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Thread: [IGN] Report: Steam's 30% Cut Is Actually the Industry Standard Reply to Thread
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11-05-2019 07:26 AM
EniGma1987 I found something interesting today. I was looking at the new SW: Fallen Order seeing if I wanted to buy it. The game is an EA game so obviously its on Origin, but EA is also branching out again and putting games on Steam. The price of the game on Steam is $59.99 and $69.99 for the different versions. If you order it on Origin, the price is $53.99 and $62.99. So they are giving a discount when buying on their local storefront and charging higher percentage through Steam. The difference is only 11% discount though on Origin
11-02-2019 08:31 PM
Woundingchaney
Quote: Originally Posted by Bushido Br0wn View Post
Go to any major retailer and they still dedicate floor space.

You're only thinking of PC, only the US market and only major cities that have internet speeds and data caps that allow downloading 80gb games. It's a wide world out there but even when thinking of the US you hit a roadblock. Are you going to poo on Target to sell your game $5 cheaper on Steam? Sure you'll sell better when talking about the major cities but what about the other 50% of the US that lives in rural areas? Some with the worst internet/caps around because net neutrality doesn't exist anymore. How do you get to them now? Retailers aren't going to carry your game, remember?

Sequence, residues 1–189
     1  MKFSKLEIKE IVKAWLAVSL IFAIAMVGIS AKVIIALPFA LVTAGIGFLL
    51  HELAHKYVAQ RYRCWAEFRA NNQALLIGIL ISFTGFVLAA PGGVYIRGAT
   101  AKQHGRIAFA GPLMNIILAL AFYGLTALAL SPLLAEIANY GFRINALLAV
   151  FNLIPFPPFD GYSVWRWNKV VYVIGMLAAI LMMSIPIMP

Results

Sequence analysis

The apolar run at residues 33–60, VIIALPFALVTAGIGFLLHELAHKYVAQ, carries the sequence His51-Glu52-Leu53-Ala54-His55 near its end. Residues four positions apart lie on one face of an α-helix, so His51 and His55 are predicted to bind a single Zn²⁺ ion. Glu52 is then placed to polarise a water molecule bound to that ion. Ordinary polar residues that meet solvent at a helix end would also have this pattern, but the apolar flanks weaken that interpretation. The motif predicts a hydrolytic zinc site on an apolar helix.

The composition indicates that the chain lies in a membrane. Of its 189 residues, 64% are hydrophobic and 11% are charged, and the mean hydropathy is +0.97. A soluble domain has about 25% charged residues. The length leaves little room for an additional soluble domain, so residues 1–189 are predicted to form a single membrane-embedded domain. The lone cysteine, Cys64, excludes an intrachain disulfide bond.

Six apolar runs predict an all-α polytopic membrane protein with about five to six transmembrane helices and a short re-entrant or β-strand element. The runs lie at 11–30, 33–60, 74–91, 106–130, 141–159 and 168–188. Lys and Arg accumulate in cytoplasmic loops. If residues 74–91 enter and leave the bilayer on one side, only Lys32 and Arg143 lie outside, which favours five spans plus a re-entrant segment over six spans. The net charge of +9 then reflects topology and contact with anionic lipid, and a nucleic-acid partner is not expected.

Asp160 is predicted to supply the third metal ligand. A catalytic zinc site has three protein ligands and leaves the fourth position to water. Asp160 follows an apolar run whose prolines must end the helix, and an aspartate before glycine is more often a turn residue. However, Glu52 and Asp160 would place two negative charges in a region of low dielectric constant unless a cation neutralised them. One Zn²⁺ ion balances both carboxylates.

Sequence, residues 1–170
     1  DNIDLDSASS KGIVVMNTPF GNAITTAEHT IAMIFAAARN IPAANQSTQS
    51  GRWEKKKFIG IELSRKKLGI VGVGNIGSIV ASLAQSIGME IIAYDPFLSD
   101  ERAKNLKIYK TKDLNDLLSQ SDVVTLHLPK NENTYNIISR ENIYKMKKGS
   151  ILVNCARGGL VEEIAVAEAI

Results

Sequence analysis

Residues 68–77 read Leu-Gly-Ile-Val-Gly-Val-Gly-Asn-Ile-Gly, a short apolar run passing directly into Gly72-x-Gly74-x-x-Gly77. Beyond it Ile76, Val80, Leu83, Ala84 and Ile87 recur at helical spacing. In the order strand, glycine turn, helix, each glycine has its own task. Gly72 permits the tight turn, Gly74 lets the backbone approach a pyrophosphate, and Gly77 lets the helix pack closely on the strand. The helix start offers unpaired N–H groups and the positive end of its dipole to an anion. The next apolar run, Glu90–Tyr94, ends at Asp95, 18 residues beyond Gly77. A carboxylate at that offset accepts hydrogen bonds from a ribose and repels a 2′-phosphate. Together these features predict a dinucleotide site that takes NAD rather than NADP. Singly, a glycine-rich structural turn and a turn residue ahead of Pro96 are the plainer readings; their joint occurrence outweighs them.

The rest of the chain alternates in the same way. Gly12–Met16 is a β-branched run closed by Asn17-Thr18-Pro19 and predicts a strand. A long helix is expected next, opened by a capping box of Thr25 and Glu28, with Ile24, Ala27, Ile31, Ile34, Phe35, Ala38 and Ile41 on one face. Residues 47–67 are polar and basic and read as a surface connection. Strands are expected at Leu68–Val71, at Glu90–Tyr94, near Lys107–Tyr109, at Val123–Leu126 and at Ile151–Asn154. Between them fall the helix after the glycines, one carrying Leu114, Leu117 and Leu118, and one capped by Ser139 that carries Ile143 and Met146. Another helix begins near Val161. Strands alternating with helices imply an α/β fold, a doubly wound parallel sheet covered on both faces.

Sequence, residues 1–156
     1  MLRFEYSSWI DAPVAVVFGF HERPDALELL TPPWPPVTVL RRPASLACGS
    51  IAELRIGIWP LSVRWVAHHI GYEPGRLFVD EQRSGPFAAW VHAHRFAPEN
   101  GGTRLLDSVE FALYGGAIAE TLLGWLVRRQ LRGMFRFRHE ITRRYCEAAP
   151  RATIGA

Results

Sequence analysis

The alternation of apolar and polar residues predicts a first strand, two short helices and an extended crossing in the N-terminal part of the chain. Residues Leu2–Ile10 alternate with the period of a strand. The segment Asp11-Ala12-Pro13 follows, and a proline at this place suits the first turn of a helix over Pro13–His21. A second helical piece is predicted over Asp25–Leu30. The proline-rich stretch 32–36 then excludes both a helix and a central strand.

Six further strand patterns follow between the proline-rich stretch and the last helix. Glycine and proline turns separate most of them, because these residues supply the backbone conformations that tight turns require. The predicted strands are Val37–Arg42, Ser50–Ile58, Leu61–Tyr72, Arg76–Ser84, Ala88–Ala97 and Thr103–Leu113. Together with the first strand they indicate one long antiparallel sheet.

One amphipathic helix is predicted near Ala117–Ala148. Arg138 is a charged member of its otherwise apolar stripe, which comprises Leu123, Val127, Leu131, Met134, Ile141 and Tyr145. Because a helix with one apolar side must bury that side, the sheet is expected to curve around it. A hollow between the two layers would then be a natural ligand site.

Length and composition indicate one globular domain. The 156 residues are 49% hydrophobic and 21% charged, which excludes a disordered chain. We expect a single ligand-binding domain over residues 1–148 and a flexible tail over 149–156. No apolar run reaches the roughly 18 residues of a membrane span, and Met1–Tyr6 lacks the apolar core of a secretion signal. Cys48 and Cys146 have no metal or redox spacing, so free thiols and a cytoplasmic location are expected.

If retailers let that fly, console games will try it next.

For point of reference, please view most US product makers store pages. They try not to make a habit, cannibalizing their own profit margins and sticking it to their retailers by selling their product at a cheaper price directly to you.



I think you seriously overestimate the importance of games to these stores. It's a small sliver of their total business. They have more floor space dedicated to towels than games. If they were undercut by Steam, it's likely that the total cost of purchasing, shipping and stocking the games simply wouldn't be profitable enough to bother.

If any one of the 3 could do it and get better profits out of it, why HAVENT they yet? Because it's a LOT harder than you think.
Games don't come in different sizes, shapes and colors like towels or other items. Additionally games don't require much shelf space comparably and only newer titles move in large volume. Stores don't dedicate much space to games because there is no reason to. If anything the death of gamestop should speak volumes to the impact digital marketplaces are having and how retail clearly isn't calling the shots.